I spend an inordinate amount of time wondering if small acts of everyday “activism,” being an active bystander, carrying a reusable water bottle, voting, buying local – really make a difference. If I’m not out there protesting full time, trying to influence popular understanding of an issue, can I really say that I practice activism? If I’m just, say, making art in a 50-seat theatre in Detroit, am I really doing the work? Does art count as activism? I sure hope so, because if it doesn’t, why are we all here? We have to use the skills we have, whether it’s community organizing or producing a play.

I first encountered Kayak in 2012, at that time Julie’s bravery and her sheer will to unapologetically pursue the things she cares about, struck a chord – one that encouraged me to ignore fear and take big risks. I have worked on this play for me, but also for my family, the cast, the creative team, and for you – the person who has come to take a risk with us tonight. I hope that we clear some of the path to the answers.

The events that happen in Kayak act as a reminder that we can’t be inactive. We can’t be paralyzed by the weight of the questions. It’s my hope that this play introduces new questions into your consciousness, that it influences your understanding of climate change, or presents questions about the connections between climate change and systemic oppression… or that it simply influences you to recycle your water bottles. Respond to those questions with the skills you have to make change around them. While I don’t think any of us will ever have definitive answers to any of these questions, we have to use the skills we have.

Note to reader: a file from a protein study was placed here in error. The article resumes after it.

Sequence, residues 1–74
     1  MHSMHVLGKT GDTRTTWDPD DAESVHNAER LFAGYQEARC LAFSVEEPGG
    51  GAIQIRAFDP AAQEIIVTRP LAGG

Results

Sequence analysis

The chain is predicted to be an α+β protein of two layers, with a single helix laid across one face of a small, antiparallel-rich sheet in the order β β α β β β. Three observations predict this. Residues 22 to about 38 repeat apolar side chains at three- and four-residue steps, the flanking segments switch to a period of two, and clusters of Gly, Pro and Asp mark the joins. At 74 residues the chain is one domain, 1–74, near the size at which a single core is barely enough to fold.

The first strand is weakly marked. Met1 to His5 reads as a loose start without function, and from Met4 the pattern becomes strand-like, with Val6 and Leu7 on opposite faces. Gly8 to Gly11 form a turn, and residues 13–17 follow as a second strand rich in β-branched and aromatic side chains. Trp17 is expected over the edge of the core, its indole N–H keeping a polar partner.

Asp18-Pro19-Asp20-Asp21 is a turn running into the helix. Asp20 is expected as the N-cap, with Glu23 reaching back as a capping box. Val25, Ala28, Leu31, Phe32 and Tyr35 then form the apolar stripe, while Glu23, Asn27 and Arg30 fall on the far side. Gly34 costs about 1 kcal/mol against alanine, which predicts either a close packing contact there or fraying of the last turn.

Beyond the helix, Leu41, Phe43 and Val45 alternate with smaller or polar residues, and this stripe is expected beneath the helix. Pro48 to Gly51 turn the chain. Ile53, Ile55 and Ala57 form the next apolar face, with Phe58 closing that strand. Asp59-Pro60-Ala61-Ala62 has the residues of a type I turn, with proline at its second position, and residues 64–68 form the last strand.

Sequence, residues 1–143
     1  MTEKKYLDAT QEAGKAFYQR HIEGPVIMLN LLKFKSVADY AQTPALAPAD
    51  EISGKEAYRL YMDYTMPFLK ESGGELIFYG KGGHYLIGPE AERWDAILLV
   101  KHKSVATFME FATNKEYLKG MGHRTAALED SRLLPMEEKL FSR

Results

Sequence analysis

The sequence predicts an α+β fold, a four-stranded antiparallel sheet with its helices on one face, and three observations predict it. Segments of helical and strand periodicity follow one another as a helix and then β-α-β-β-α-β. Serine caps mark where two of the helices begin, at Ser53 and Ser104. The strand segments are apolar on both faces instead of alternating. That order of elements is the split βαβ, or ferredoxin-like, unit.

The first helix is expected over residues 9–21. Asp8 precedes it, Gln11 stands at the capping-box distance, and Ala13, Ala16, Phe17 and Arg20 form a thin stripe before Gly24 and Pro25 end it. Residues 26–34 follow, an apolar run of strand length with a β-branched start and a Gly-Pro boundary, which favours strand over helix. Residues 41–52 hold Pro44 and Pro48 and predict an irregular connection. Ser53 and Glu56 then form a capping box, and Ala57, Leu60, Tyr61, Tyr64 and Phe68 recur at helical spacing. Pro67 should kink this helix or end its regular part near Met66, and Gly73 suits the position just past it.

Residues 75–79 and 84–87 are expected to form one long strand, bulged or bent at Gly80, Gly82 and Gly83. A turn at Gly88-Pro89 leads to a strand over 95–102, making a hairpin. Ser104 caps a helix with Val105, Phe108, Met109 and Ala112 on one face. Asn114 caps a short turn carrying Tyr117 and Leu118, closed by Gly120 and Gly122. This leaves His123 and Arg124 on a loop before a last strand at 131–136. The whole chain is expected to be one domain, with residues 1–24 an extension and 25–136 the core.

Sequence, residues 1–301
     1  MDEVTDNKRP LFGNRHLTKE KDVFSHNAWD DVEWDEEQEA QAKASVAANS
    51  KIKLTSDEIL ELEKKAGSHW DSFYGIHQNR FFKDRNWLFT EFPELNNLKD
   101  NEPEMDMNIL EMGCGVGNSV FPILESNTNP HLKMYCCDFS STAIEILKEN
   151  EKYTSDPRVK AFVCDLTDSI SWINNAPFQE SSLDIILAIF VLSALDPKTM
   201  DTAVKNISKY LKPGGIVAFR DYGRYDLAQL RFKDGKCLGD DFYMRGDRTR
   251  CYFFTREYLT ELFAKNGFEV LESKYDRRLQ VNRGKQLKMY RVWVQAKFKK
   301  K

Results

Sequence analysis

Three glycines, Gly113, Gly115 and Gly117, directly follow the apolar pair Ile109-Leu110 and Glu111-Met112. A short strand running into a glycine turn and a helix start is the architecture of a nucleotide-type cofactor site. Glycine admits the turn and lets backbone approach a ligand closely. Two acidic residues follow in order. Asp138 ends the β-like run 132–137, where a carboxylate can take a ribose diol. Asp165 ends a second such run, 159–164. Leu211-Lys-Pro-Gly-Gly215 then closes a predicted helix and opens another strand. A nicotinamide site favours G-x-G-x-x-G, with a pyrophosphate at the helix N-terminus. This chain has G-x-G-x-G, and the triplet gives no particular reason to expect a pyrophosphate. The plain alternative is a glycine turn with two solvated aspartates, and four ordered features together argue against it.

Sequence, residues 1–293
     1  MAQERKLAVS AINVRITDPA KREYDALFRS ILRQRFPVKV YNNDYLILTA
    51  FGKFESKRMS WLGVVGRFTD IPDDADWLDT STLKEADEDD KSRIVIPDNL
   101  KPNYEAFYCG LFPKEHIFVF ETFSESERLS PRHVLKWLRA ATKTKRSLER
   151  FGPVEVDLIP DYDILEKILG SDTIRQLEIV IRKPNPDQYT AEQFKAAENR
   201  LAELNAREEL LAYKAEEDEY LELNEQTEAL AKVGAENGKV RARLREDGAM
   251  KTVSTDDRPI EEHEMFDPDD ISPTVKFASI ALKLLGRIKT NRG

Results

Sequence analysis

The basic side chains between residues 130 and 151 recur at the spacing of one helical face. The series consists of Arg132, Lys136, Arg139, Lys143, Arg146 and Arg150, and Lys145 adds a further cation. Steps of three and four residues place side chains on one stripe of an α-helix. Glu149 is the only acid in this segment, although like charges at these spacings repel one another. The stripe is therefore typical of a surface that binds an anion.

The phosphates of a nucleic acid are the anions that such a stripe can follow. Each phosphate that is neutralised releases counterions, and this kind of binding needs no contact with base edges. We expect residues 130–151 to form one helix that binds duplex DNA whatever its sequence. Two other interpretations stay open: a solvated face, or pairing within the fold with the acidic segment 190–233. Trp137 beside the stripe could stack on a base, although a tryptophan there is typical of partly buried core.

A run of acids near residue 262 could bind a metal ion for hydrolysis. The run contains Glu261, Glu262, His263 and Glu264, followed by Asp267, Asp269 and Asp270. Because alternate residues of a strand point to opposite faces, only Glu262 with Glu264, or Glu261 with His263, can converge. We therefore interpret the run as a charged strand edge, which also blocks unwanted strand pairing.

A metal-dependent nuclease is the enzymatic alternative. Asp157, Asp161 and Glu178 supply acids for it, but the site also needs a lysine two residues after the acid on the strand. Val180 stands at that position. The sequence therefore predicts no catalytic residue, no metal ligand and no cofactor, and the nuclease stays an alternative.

When I think about the priorities in my life that must come first, I think about family, about social justice, and about art. These aren’t neat priorities; sometimes I get to make art with my family – like on this show. (Shout out to my husband for the awesome babysitting of our goddaughter and his unending support!) Sometimes, I make social justice art for my family. Sometimes, these priorities feel so impossibly large that I feel like my personal morals and ethics are in question if I’m not able to clearly fulfill them. Most of the time I’m aiming for my art to be the way I practice social justice to make the world better for my family – and hope the product comes close.

Here are a few of the stunning photos Tiffany Gaidica took at our dress rehearsal last night! I’m so excited to get this show in front of an audience! Only a few days left before we’re ready to share it with you all!